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 Press/Media Corner
 
PAHO Centennial Celebration launched in Washington, DC

 PAHO Headquarters
A banner at PAHO Headquarters
announces the start of
the Centennial celebration.
The Pan-American Health Organization (PAHO) today launched the celebration of its 100th anniversary, marking a century since its founding in Washington, D.C., in 1902. A hemispheric agency with 35 Member Countries from throughout the Americas, PAHO also serves as the Regional Office of the World Health Organization.

 Dr. George Alleyne
PAHO Director,
Dr. George Alleyne
 
PAHO Director Dr. George Alleyne was joined by U.S. Surgeon General Dr. David Satcher and Director of the District of Columbia Department of Health Director Dr. Ivan Walks at PAHO headquarters in Washington, D.C., where the Organization received congratulations for its century of public health service in the Western Hemisphere.

"This 100-year celebration represents the best of mankind, reaching across borders caring about people and their health," said Dr. Satcher. "It is one thing to have a vision, but another thing to care. That's the spirit of PAHO that has meant so much."

 Dr. David Satcher
U.S. Surgeon General
Dr. David Satcher
gave the keynote speech.
Dr. Satcher and other guests praised PAHO's critical work throughout the 20th century in helping the countries of Latin America and the Caribbean to control infectious diseases including smallpox, polio, malaria, and tuberculosis. They also noted the Organization's more recent work in promoting general health and more equitable access to health care through multisectoral efforts and community-based programs.

"The model of truly cross-cultural public health is one that we can build on, and help to build with PAHO," said Dr. Walks, chief health officer of the District of Columbia. "I want to salute the work that has been done here for the last 100 years."

Today's kick-off included the announcement of 11 Public Health Heroes chosen from throughout the Americas for their important contributions to public health. PAHO also announced three hemisphere-wide contests. They include a special Centennial poster contest for children 6 to 12 years old and an essay contest for youths 13 to 18. Winners will receive a $500 cash award and a computer donated by Discovery Health Channel/Discovery Health Online. In addition, PAHO is sponsoring a journalism award open to newspaper writers throughout the Americas.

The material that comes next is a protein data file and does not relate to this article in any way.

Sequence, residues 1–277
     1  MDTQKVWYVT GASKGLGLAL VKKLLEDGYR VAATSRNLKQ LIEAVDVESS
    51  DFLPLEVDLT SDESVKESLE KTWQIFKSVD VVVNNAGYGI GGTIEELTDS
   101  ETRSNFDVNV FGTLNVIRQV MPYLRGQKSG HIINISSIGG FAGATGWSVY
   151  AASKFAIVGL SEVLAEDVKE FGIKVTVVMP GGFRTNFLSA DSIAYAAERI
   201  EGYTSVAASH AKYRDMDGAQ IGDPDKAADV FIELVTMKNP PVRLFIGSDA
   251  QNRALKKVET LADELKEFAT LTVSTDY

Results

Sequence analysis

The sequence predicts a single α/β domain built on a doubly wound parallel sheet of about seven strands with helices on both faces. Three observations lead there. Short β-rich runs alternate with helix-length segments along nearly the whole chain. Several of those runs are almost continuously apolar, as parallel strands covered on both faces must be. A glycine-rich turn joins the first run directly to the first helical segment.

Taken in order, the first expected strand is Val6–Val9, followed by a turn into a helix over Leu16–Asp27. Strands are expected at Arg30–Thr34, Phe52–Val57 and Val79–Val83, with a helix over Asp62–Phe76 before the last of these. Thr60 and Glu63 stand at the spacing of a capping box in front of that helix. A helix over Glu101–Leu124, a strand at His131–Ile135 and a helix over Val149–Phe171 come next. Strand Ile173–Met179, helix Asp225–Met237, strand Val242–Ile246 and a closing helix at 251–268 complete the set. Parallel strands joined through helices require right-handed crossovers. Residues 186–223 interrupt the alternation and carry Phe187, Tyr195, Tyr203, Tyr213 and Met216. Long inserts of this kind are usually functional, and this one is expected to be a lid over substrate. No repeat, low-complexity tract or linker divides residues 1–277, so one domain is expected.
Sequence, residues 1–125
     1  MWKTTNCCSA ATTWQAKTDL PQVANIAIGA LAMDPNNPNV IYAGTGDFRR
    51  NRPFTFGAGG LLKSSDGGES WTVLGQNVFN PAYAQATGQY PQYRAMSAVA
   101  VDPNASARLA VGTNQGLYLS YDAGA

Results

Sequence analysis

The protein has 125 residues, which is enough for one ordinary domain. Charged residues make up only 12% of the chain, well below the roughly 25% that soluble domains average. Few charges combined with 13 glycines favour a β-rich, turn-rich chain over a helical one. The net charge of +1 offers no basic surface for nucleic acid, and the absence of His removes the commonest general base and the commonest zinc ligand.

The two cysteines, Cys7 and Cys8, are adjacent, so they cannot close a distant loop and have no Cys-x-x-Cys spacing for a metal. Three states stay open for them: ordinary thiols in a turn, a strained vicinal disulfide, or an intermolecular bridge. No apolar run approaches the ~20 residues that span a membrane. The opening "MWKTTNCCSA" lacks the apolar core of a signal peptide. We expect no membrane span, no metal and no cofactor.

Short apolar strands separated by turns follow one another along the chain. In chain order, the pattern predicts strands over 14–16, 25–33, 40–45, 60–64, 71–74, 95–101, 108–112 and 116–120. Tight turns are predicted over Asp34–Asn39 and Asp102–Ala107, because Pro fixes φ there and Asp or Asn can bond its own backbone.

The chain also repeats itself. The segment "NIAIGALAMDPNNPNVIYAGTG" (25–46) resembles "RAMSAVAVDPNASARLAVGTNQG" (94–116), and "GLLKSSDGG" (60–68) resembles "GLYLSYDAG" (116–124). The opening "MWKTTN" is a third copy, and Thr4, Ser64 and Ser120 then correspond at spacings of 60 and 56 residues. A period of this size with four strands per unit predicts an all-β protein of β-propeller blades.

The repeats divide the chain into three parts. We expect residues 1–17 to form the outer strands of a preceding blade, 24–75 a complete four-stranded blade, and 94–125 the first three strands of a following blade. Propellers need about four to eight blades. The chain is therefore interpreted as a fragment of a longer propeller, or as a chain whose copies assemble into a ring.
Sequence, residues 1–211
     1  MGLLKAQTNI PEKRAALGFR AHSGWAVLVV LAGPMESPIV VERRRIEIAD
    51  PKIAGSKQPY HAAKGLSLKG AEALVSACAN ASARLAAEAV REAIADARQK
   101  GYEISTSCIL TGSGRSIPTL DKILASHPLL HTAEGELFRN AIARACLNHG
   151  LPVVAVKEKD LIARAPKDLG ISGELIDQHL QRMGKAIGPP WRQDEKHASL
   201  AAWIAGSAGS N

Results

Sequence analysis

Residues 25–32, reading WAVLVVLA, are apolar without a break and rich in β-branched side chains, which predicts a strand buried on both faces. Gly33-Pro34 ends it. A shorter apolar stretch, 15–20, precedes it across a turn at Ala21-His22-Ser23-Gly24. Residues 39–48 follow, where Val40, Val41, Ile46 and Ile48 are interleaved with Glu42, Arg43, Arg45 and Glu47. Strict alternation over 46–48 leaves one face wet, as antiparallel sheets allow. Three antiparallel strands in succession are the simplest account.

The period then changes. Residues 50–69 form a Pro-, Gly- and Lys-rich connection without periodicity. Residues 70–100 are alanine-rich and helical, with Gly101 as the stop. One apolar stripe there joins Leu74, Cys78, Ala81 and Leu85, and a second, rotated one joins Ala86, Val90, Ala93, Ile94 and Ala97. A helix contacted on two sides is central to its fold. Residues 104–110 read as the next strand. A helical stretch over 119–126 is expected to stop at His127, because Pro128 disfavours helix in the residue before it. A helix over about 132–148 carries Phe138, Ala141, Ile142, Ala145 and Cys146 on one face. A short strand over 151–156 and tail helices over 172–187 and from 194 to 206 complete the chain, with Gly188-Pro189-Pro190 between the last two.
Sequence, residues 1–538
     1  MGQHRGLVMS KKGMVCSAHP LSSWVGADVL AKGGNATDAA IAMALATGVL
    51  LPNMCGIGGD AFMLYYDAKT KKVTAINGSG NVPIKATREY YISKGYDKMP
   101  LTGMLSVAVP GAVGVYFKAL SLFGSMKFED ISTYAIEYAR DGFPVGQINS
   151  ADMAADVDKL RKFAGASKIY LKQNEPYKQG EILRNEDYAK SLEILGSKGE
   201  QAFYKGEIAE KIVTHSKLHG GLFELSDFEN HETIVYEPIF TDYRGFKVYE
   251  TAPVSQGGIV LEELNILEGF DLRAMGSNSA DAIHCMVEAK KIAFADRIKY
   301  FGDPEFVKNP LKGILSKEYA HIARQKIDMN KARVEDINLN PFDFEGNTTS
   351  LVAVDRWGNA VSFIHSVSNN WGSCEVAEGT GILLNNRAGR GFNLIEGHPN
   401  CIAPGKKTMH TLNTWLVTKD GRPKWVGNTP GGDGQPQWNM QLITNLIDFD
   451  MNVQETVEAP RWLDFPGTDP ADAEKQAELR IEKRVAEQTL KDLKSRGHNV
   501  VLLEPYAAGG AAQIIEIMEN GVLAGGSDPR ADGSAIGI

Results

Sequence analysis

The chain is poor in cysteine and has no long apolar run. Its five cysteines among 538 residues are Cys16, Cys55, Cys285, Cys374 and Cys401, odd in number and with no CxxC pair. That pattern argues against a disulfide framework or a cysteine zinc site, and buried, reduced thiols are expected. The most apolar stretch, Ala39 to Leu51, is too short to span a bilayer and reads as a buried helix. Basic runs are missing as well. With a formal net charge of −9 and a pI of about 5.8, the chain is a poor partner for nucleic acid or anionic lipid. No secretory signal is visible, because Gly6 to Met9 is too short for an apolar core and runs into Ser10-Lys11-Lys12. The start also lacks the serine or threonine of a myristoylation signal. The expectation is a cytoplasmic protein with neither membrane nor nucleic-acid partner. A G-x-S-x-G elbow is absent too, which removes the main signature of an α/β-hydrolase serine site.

Today's observance will be followed by a number of commemorative activities throughout PAHO's Member Countries during 2002.

 Band plays at Centennial Launch
A steel drum band helped to
create a festive atmosphere
at PAHO Headquarters.
PAHO was founded in December 1902 during the International Sanitary Convention held at the Willard Hotel in Washington, D.C. U.S. Surgeon General Walter Wyman and U.S. President Theodore Roosevelt were among those who addressed the convention. Chief among the health concerns of the time were yellow fever and other infectious diseases that were being spread through the burgeoning maritime commerce of the late 19th and early 20th centuries.

Participants in today's festivities cited the Organization's most notable contributions during its 100 years as the eradication of polio in the Western Hemisphere, dramatically lowered infant mortality rates, dramatically improved life spans, and growing access to basic health care throughout the Americas. They also cited continuing challenges to the Organization, particularly HIV/AIDS and the health consequences of smoking.

"By definition, none of us knows what the next 100 years will bring," said PAHO Director Dr. Alleyne, "but we do know that human beings will continue to value their health as something important in and of itself. We know they will also see it as a critical and essential instrument for the realization of that potential with which we are all endowed. There will be new diseases and new forms of old diseases that will challenge the ingenuity of humankind to overcome them. But I have every confidence, based on the history of 100 years, that PAHO will be of use in addressing these problems."


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